for his lecture. He asked me if I had been involved
with such an experience.

I then proceeded to describe what had happened
during the sinus surgery. I was unable to finish my story because he interjected into the conversation a definitive “Without Question!”:  

I had undergone an anesthetic awareness experience coming out of anesthesia. The synchronization between awareness and breathing had been jeopardized.

And therein, I had confirmation from the creator of the FACE mask – a  facial monitor to measure the depth
of anesthesia – that my “Awareness” experience would have traumatized my autonomic nervous system.

 One piece of the puzzling aftermath of the 1972 sinus surgery serendipitously
materialized at this conference… t
otally unexpected, twenty years later.
Further validation of this trauma occurred in an unforeseen manner
in the office of an oral surgeon during the summer of 1998. 
Today, these adverse effects from ‘awareness’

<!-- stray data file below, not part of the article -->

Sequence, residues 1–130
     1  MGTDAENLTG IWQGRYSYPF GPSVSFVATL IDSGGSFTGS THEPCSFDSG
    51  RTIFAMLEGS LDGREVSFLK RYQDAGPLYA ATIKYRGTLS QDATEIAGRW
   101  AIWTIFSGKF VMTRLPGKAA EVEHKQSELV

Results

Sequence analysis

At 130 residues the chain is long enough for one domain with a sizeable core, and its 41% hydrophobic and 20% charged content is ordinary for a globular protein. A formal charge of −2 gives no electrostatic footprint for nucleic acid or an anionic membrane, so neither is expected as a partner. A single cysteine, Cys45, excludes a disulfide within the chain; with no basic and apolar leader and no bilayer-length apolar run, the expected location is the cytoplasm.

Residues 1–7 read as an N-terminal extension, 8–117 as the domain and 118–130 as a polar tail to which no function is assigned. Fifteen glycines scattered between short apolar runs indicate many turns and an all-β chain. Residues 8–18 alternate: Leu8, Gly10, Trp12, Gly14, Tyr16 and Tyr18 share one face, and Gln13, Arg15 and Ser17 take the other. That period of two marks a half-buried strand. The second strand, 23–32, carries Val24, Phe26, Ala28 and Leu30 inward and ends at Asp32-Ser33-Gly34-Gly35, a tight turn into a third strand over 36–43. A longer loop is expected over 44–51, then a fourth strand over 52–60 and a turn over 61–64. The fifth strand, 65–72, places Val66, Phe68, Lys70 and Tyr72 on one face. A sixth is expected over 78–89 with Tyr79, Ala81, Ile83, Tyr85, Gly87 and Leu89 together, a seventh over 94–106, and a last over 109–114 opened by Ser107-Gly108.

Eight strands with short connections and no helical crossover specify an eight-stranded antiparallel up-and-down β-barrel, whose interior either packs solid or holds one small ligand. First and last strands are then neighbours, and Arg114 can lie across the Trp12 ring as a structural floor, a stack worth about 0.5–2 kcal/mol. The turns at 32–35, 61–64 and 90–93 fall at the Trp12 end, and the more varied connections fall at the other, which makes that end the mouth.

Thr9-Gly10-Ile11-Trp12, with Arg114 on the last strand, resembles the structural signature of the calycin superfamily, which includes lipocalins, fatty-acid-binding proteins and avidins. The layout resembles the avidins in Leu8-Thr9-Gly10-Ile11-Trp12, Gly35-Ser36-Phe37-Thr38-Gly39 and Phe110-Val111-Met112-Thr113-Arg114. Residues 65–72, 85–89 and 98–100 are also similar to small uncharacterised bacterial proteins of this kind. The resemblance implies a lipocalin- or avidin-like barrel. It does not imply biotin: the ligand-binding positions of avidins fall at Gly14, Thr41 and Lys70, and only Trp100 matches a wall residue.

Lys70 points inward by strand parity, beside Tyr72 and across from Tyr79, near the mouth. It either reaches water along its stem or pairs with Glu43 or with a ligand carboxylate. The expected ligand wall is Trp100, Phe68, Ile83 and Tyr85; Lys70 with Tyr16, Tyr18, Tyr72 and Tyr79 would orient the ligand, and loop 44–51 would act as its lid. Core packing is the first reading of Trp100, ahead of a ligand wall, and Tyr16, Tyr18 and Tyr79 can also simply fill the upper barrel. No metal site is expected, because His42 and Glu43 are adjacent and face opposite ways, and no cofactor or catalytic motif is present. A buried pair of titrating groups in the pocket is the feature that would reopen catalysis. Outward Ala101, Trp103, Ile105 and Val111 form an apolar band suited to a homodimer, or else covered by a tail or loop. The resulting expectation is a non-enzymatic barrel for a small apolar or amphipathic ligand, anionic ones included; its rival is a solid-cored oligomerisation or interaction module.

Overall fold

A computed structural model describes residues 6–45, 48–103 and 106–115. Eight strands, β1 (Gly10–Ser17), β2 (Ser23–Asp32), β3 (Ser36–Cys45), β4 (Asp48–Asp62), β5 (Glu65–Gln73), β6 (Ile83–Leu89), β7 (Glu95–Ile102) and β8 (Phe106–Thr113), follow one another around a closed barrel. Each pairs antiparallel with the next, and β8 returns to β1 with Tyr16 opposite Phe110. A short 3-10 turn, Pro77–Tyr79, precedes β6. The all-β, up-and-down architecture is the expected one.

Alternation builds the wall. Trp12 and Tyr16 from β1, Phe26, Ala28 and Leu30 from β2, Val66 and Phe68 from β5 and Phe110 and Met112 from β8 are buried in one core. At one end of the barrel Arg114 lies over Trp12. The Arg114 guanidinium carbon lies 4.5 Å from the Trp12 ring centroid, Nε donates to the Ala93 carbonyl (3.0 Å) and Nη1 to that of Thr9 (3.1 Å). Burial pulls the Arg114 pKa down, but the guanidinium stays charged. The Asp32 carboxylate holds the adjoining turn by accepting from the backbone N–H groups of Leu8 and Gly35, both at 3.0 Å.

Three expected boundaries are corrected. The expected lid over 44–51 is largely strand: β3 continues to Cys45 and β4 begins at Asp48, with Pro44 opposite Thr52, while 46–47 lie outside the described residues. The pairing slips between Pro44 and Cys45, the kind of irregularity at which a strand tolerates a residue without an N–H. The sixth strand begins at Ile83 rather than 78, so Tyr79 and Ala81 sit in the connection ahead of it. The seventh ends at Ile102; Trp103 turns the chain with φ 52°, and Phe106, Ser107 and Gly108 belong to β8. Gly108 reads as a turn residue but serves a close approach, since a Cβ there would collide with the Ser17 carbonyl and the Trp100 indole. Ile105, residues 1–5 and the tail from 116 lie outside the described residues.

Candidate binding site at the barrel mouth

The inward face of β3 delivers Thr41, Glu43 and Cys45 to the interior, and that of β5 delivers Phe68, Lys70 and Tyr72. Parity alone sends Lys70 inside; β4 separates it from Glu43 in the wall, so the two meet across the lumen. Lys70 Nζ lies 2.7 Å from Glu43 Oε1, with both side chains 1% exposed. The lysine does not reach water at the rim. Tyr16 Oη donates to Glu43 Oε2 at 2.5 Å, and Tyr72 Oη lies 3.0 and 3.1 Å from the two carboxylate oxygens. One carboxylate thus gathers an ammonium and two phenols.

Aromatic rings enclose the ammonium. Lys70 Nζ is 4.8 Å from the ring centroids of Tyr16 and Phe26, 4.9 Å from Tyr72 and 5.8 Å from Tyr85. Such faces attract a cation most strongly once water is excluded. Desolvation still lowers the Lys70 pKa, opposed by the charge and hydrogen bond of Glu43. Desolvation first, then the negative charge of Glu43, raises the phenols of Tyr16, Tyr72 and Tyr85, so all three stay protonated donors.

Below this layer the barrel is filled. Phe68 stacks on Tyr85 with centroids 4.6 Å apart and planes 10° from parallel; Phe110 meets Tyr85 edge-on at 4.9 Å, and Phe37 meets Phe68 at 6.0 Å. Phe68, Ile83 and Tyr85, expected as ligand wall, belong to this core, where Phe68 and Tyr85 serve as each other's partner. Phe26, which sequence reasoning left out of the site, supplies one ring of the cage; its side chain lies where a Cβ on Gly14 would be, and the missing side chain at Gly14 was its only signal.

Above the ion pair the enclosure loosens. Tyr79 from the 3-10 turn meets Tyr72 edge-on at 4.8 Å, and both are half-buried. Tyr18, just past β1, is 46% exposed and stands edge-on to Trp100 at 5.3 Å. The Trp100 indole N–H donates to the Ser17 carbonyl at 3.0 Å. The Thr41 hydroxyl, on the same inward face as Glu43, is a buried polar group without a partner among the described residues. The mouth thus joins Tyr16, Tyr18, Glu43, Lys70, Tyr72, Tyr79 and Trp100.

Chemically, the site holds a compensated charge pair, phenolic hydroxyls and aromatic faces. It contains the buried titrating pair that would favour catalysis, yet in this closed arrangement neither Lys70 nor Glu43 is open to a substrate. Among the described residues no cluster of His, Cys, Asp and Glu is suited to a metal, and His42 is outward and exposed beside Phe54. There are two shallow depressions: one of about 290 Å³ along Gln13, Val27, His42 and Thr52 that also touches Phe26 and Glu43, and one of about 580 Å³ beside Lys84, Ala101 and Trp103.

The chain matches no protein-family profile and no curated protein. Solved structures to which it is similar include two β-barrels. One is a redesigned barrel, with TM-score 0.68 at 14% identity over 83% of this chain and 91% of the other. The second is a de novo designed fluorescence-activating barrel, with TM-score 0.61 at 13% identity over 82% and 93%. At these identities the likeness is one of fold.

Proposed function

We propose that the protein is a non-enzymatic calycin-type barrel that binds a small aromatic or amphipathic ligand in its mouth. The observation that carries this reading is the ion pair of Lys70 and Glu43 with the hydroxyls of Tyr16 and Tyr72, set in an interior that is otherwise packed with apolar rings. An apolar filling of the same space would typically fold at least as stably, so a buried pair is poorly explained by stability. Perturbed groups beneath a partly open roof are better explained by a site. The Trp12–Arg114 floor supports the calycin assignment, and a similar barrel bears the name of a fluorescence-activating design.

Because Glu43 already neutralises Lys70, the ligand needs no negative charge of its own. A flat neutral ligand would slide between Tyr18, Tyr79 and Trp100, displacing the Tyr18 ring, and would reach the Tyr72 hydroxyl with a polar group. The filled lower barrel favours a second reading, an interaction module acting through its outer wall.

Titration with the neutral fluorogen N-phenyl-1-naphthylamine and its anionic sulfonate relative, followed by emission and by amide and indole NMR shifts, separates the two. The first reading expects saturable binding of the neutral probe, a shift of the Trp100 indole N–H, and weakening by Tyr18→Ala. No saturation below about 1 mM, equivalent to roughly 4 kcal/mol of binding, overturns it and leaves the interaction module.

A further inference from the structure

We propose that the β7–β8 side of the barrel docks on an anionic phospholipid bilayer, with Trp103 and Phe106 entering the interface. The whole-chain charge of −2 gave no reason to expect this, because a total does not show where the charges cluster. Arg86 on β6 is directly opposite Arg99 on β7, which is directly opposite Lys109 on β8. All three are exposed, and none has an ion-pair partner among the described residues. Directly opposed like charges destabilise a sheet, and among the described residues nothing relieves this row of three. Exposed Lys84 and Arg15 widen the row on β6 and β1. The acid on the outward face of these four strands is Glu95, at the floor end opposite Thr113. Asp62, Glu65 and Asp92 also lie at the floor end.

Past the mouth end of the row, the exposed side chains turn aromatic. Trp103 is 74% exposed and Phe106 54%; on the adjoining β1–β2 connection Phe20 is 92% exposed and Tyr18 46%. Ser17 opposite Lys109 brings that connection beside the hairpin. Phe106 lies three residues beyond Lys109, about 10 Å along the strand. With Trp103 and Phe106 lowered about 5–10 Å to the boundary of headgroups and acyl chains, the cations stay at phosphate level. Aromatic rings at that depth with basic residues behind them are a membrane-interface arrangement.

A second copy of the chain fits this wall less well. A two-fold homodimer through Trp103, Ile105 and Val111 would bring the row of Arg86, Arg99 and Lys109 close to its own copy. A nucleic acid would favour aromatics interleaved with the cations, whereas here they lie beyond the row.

would be classified as a form of PTSD.
….more than thirty years after the sinus surgery injury with an awareness experience,

…more than fifty years since the initial damage from the trauma.

~  Post-Traumatic Stress Disorder ~

I was 25 years old, trusting and naive.

These frightening moments awakening from anesthesia shaped my life.
The follow up ‘medical encounter’ after the sinus surgery procedure was the onset of
of being dismissed, patronized, and ridiculed
by physicians, well-meaning friends and even family.

This uncommon happening triggered
…a short circuit in the brain,
…an assault on the body, and
…an injustice to the mind.

imprinted within and throughout every cell, 
etched into the very substance of my life…
inconceivable, inexplicable, unrecognized, and silent.

I was unaware.
“It” was invisible.

The Sounds of Silence

Fear, the childhood Wolf that hid under my dust‐ruffle,
thus assaulted my body,
a silent invasion from within.

Memory shook hands with Fear and was offered a home in the
sacred spaces of my Soul.
A dissonance with vibrations of varying volumes 
burrowed deep into my cells throughout the days of my life.

A creative nonfiction writing class at Arizona State University during the 90’s
prompted this story about the sinus surgery and anesthetic awareness experience.

Take a brief Detour from the Path and
 Meet the Wolf